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This article is the authors' final version prior to publication in Academic Medicine, Volume 94, Issue 10, October 2019, Pages 1581-1588.

The published version is available at Copyright © Association of American Medical Colleges


PURPOSE: To explore faculty perspectives on which characteristics of high-performing clerkship students are most important when determining an honors or top grade designation for clinical performance.

METHOD: In 2016-2017, the authors surveyed faculty (teaching ward attendings) for internal medicine clerkships and 1 pediatrics clerkship in inpatient settings at 5 U.S. academic medical centers. Survey items were framed around competencies, 24 student characteristics, and attitudes toward evaluation. Factor analysis examined constructs defining high-performing students.

RESULTS: Of 516 faculty invited, 319 (62%) responded. The top 5 characteristics as rated by respondents were taking ownership, clinical reasoning, curiosity, dependability, and high ethical standards (in descending order). Twenty-one characteristics fit into 3 factors (Cronbach alpha, 0.81-0.87). Clinical reasoning did not fit into a factor. Factor 1 was the most important (mean rating, 8.7/10 [95% confidence interval (CI), 8.6-8.8]). It included professionalism components (ownership, curiosity, dependability, high ethical standards), presentation and interviewing skills, seeking feedback, and documentation. Factor 2 (mean, 7.9 [95% CI, 7.7-8.0]) included aspects of teamwork and communication, such as positive attitude and comments from others. Factor 3 (mean, 7.6 [95% CI, 7.4-7.7]) addressed systems-based thinking, including patient safety and care transitions.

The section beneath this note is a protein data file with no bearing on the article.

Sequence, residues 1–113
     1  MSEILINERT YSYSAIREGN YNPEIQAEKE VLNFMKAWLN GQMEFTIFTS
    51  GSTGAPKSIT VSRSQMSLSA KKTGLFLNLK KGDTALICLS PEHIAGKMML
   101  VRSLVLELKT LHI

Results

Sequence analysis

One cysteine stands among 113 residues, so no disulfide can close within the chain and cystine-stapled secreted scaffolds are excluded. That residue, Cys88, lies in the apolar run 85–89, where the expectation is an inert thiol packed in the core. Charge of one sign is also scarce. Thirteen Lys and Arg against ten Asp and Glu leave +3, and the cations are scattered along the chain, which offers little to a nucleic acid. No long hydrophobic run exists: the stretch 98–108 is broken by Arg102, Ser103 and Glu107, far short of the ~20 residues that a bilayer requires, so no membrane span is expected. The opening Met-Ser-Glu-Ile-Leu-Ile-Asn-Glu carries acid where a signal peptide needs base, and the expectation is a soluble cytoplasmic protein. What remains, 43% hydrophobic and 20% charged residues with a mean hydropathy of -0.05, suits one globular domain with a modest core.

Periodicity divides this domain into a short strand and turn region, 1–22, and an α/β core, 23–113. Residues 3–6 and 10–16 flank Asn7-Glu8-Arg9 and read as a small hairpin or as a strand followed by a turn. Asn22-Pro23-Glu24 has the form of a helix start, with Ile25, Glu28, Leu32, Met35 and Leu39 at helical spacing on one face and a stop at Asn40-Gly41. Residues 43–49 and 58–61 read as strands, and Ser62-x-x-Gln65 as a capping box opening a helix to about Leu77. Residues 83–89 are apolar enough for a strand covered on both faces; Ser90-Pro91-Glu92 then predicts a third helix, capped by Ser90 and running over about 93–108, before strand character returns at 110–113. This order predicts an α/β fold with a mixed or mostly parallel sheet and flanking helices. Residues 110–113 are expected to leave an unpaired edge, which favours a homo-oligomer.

CONCLUSIONS: Professionalism components, clinical reasoning, and curiosity were among the most important characteristics distinguishing high-performing clerkship students. These may represent behaviors that are highly valued, observable, and relevant to training stage. Improved definition of the characteristics associated with clinical honors would assist students, faculty, and residency program directors when interpreting clinical performance within core clerkships.

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